"I have 13 of their CD's . This one is the best . Four exquisite voices , painstaking research , facinating liner notes , all of their music has this in common . What sets this apart is the clairity of the recording . Each of these ladies have amazing voices that come alive with a good set of speakers . All of the reverberations and harmonics are there , and in phase . Turn it up and listen to the crispness of each voice on every note . This is one of my favorite CD's of all time ."
Beautiful voices great cd
Dianne Croft | Chicago, IL United States | 02/27/2006
(5 out of 5 stars)
"Quite accidentally I discovered the Anonymous 4, thanks to the feature on Amazon.com that permits one to listen to an excerpt of the cd. I immediately became a big fan of this group. Now I am disappointed that they split up, but I intend to collect all of their works. An amazing talent."
An antidote to the usual holiday dreck
Evan Hansen | Minneapolis, MN USA | 01/06/2009
(5 out of 5 stars)
"For all those like me who, by December 23rd, are ready to have a full-blown screaming fit if they have to endure yet one more hackneyed round of "O Holy Night," O, Little Town of Bethlehem," "The Holly and the Ivy," "Hark the Herald Angels," or "Little Drummer Boy," this beautiful record is your soothing antidote. These haunting melodies--sung as if by angels and recorded beautifully--will transport you inside the stone walls of an abbey in medieval Europe, where Christmas music is solemnly devotional--not tacky, commercial, overdone muzak. "On Yoolis Night" made me want to pray and meditate in peace, revering the birth of the Messiah. Which is a whole lot nicer than wanting to throw that full-blown screaming fit. Highly recommended."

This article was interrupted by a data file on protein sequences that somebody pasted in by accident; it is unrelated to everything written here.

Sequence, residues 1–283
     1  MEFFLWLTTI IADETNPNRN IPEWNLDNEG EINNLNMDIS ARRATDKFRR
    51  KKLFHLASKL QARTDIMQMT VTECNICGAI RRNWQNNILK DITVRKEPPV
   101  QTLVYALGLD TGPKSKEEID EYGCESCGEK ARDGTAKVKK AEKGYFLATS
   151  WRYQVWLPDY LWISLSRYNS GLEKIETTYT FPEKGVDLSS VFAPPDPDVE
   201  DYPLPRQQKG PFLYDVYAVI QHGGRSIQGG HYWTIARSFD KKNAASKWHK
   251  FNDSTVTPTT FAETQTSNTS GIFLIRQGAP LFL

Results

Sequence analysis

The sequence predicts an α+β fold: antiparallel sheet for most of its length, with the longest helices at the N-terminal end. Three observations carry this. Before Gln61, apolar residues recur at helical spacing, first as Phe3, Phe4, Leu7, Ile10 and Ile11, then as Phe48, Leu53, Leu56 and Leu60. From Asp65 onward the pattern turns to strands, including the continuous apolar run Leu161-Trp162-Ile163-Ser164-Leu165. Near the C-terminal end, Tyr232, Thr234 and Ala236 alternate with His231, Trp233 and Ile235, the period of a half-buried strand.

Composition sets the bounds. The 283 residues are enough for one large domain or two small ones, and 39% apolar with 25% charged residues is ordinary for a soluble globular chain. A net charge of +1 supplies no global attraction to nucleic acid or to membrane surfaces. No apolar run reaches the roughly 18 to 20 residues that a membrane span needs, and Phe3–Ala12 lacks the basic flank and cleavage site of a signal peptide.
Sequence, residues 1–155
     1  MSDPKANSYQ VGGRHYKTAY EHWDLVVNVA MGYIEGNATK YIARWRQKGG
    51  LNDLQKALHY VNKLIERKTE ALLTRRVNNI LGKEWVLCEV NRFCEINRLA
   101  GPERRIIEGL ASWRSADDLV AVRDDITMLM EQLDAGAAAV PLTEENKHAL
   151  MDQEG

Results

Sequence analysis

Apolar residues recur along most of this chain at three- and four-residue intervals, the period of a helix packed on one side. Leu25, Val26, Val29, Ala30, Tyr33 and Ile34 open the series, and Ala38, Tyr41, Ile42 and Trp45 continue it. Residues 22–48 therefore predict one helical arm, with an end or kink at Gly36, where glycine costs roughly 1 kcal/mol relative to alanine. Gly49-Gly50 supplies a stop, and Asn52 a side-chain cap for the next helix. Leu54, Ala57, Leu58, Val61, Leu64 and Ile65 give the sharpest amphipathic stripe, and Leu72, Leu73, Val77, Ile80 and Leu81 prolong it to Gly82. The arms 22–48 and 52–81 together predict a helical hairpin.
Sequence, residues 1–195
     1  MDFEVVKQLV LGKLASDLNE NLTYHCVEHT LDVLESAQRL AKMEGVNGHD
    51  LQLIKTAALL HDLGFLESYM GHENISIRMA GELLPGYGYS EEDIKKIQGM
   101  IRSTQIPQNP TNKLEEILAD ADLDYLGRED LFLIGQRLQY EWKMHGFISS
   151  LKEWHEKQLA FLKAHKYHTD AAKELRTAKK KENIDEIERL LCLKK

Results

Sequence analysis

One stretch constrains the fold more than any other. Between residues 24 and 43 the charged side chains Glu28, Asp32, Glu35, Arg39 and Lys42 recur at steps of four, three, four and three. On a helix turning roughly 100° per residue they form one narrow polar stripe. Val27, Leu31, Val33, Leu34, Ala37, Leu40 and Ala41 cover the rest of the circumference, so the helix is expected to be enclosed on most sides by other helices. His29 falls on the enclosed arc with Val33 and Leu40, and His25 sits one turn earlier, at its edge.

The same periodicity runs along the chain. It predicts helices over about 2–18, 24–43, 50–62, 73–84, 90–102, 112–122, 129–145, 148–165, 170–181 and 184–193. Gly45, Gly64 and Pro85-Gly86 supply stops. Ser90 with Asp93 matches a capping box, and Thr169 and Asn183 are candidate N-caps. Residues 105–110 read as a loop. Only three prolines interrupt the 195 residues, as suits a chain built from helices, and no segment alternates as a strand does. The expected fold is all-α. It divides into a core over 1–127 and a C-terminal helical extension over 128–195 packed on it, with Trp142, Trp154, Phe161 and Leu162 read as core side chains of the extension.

"On Yoolis Night. Medieval Carols and Motets. Performed by Anonymous 4 (Ruth Cunningham, Martha Genensky, Susan Hellauer, Johanna Rose). Recorded in November, 1992, at the Campion Center, Boston, Massachussetts. Harmonia Mundi HMU 907099. Total time: 68'03".
Record companies who dare to publish CDs with medieval music are often glad if they can manage to sell a few hundred copies; this CD, the second by Anonymous 4, stormed to the top of the Billboard charts when it first appeared in 1993. And not because it compromised or attempted any kind of "crossover", but simply because both the music and the performance (four delightfully pure, unaccompanied, vibrato-less female voices: three sopranos and one alto) are so beautiful that even the uninitiated can catch something of the spirit of joy and peace that this disk captures so eminently well. Yes, there are seven pieces of Gregorian-type chant here, and chant was "in" during the early 90's, but my feeling is that it was probably the polyphonic motets and carols that made this recording an early music hit. The sound is difficult to describe; the only comparison that comes to mind is the swirling, many-voiced and often extremely beautiful, but also highly volatile, effect of "singing in the spirit" or "sung glossalalia" in some well-ordered charismatic and pentecostal churches where one can, on occasion, feel translated into heavenly regions. Much the same can be said of this disk, which, as one might imagine, contains exclusively Christian material from what are generally known as the "Dark Ages" from the 5th to the 15th centuries A. D. Well, judging purely by the music presented here, those ages were, perhaps, not so dark as we moderns sometimes imagine. And the Christmas texts sung here so deliciously by Anonymous 4 are, surprisingly, much less Mary-orientated and much more directed towards Jesus than those on, for example, "An English Ladymass" (the group's first CD), thus being a lot less offensive to my evangelical sensibilities and providing well over an hour of rapt listening, and that not only at Christmas time. Absolute five-star plus rating!"